This summer, I was coming back to work after a long weekend in Boston when my boss mentioned that she listened to an interesting podcast. The podcast addict that I am, I had to find out more about it.
At first, I was not sold on the podcast, based on the premise that everything around us could be alive, starting first with a can of coke, but I decided to give it a try nonetheless. And I have not regretted it for a single moment. Right after listening to the first episode featuring Louis the can of Coca-Cola, I subscribed to the podcast and started reminding my boss every time a new episode came out.
“Everything is Alive” is produced and written by Ian Chillag, who has previously produced programs for NPR including “Fresh Air with Terry Gross.” Chillag and his inanimate objects always provide for insightful conversation, despite the fact that “Everything is Alive” is unscripted. So far his guests have been Louis the Coca-Cola can, Maeve the lamppost, Dennis the pillow, Tara the bar of soap, Ana the elevator and Paul the tooth.
Each guest brings their own perspective on life based on their purpose and location. Maeve the lamppost spoke of watching movies through people’s windows and how she was able to see the famous light post in “Singing in the Rain.” Many times Chillag calls up experts in the field to solve some of the mysteries the various “guests” bring up.
A new episode is produced every other Tuesday and with each episode averaging 20 minutes, it is easy to start off my morning listening to the entire podcast. The best part of this podcast is the mystery of life from the perspective of the object selected. When Paul the tooth is interviewed, he talks about what he could see from his perspective in the mouth. Ana the elevator talks about her life in the building.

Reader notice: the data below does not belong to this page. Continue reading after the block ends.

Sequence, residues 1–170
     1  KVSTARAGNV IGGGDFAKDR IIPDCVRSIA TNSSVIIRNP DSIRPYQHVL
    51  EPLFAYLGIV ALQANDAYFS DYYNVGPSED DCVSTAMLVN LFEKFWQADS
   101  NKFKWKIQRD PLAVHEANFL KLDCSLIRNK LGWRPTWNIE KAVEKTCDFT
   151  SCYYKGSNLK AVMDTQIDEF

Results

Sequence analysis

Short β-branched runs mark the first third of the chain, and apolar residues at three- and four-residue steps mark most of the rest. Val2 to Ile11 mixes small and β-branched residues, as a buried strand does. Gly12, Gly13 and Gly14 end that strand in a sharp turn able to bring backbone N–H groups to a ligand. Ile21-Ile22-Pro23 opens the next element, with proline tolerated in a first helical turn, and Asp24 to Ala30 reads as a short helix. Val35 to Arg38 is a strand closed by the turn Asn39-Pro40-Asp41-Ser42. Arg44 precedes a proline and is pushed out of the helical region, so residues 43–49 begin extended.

The one disadvantage of this podcast is the tendency for the podcasts to go off the rails, talking about random, and at times slightly boring topics. Luckily, thanks to the length of the podcast, these moments of uninteresting conversation are over quickly.
The thing that really hooked me on the first episode was that Chillag changes the course of these objects lives. It doesn’t happen with every object, but with most of them Chillag does something to change their lives or informs them of something that they didn’t know before, which has the potential to be life-changing. This makes the listener realize how much of an effect we have on the lives of these inanimate objects.
This podcast is also family friendly. In the tooth episode, the topic of the tooth fairy comes up and the tooth talks about how creepy it is that there is a lady somewhere who has a huge collection of teeth. Children of all ages could listen to this podcast and enjoy it along with their whole family.
If you want to think about everyday objects in a different light, consider listening to “Everything is Alive.” Although it won’t take much time out of your day, you may start to wonder what your pencil might say if it could talk. Or maybe what your stove thinks about its contents.